Healthy Eating Diets, Drop The Fast Foods
And Go Back To The Good For You Basics
A Question of Perception - What Do Healthy Eating Diets Mean to You?
Quick: When you hear the word "diet,” do you think instantly of eating—what you eat and how you eat? Or of abstinence from eating—as in cutting your caloric intake or denying yourself certain foods?
The question is worth asking, because too many young women, particularly in the United States, view their diet as little more than a mechanism for weight control. But healthy eating diets, properly understood, are much more than that. Food is the fuel that keeps us cooking on a cellular level.
Consequently, the way we eat has direct bearing not only on those dreaded digits displayed on the electronic scale, but also on our strength, stamina, alertness, longevity, and ability to ward off disease. Too much emphasis on the weight-reduction aspect of diet, we believe, obscures the more significant and positive role that food plays in maintaining optimal health.
If people nowadays appear more fixated than ever on dieting (as opposed to diet), the reason can be at least partially attributed to the glut of new and often conflicting nutritional information we are constantly exposed to. Related to this trend is the steady stream of fad diets that continually find their way into the popular press, each of which seems to capture the public’s imagination for a brief period, only to be replaced by a new and, we are assured, better program.
One guru tells us we will thrive on a diet consisting mainly of protein, while another points out the various virtues of juices. Some experts say that red meat is OK if you choose the right cuts and downsize the portions, while others adopt a strictly vegan approach. Some folks swear by supplements; others wouldn’t touch ‘em for love or money. And so on.
Thankfully, the reality of eating on healthy eating diets is far less complicated than the hype of eating right. In a simpler day and time, Home Economics teachers taught their students that there were four main food groups:
The meat group, which includes not only red meats, white meats, and seafood, but also tofu and nuts (and peanut butter), which typically contain plant proteins.
The diary group, which consists of milk, eggs, yogurt, and cheese, as well as variations on these animal by-products such as ice cream, sour cream, and cottage cheese.
Vegetables and fruits
Breads, cereals and pastas
Although most dieticians now use the food pyramid as a model for healthy eating diets and make finer distinctions than are reflected in the list above, the four food groups still provide a snapshot of a sensible, balanced diet that contains everything you need for robust health, and in the case of young people, for vigorous growth and development as well.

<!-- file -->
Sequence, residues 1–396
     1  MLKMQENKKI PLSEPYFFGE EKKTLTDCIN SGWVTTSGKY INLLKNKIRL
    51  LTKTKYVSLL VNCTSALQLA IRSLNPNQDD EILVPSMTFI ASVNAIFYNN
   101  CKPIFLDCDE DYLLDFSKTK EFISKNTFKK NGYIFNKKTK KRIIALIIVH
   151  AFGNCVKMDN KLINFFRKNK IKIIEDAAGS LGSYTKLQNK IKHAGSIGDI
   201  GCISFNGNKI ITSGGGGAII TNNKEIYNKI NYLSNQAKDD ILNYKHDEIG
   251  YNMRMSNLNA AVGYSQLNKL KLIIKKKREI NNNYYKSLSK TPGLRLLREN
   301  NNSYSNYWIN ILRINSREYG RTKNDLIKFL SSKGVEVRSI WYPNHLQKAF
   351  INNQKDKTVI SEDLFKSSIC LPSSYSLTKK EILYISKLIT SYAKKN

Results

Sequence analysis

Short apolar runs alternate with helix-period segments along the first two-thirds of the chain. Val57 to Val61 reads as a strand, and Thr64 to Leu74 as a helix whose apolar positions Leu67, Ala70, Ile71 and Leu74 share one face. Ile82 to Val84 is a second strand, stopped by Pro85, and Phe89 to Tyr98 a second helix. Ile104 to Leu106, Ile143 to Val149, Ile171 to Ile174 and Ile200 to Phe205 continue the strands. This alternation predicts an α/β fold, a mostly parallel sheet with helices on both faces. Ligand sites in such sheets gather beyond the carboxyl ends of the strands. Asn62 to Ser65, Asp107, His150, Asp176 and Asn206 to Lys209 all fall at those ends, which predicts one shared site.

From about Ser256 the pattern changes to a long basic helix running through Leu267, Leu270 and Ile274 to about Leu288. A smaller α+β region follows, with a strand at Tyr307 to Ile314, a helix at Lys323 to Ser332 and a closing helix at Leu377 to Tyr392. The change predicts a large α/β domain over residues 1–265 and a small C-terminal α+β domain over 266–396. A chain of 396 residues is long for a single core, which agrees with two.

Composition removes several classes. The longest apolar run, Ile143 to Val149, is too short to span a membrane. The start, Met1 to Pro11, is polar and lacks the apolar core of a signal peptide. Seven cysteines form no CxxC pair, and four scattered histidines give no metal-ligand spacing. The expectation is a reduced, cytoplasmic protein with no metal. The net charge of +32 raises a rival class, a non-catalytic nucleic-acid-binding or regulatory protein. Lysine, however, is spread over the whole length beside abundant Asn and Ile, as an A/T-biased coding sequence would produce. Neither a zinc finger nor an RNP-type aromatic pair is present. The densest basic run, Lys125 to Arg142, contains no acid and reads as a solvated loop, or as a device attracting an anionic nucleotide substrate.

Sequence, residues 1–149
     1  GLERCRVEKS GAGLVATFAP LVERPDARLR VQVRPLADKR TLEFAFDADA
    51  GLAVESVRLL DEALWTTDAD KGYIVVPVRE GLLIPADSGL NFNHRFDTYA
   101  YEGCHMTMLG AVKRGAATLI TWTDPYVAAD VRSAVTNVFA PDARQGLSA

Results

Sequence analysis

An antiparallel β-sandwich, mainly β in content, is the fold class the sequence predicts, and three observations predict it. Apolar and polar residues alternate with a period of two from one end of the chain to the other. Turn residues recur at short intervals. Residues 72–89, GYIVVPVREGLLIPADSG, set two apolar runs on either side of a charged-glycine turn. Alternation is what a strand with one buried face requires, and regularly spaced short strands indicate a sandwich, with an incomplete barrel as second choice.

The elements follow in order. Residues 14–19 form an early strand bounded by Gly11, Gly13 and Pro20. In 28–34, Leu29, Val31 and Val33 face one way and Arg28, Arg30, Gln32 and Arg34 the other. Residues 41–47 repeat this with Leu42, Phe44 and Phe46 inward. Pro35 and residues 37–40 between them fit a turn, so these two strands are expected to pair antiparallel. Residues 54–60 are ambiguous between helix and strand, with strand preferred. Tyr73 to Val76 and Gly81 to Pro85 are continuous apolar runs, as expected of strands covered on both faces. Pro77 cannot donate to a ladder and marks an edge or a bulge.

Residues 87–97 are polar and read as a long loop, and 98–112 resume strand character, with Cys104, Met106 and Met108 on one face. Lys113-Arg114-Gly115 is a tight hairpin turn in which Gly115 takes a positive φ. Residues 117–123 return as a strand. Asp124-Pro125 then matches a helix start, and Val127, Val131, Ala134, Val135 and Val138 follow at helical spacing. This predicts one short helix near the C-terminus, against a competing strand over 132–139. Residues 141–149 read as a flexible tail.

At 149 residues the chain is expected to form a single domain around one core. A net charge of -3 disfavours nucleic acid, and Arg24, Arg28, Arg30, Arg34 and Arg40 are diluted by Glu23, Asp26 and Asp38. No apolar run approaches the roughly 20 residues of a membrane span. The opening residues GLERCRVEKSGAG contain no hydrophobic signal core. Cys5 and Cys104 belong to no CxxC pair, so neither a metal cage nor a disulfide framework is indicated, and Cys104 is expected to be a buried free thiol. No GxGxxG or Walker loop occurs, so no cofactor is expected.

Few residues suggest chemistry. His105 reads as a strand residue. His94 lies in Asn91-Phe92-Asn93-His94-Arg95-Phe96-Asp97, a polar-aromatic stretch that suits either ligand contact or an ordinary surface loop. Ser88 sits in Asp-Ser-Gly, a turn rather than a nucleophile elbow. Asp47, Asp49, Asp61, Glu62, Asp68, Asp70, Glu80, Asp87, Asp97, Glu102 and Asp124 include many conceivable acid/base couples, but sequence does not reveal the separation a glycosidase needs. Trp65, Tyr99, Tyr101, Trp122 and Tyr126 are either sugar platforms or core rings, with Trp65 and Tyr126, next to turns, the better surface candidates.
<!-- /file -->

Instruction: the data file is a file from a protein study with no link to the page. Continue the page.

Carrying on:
The recommended percentage of your diet that you derive from each group will vary of course, but no one group is more or less important to your health than another. Proteins, carbohydrates, vitamins, certain minerals, and yes, even those much maligned fats, all deserve a place on your plate each and every day.
You might be surprised to learn that the typical Americans diet does, in fact, contain generous contributions from each of the major food groups. As a result, the diseases associated with malnutrition1 don’t pose much of a threat for the great majority of U.S. citizens.
There are, of course, important exceptions—notably, among the poverty-stricken, the homeless, and people suffering from severe eating disorders—but they are seen in a comparatively small percentage of the total population.
Our problems, when they occur, more often revolve around the number and type of calories we consume rather than the utter lack of necessary nutrients. Collectively, we often eat too much. And even more frequently, we eat too many of the wrong things.
To give just one telling example: Dieticians and other health experts recommend that fats comprise no more than 25 percent to 30 percent of our daily diet; yet the average American receives a whopping 40 percent of calories from fat sources.
That fact—coupled with our fast-paced, go-getter society—goes a long way toward explaining why heart surgeons in this country don’t have any trouble staying busy! On the other hand, most of us don’t eat nearly enough leafy greens, drink enough water, or consume the amount of dietary fiber required for optimal health.
Diet, eat healthy nutrients not fattening empty calories and enjoy healthy eating diets for a lifetime.
Healthy Eating Diets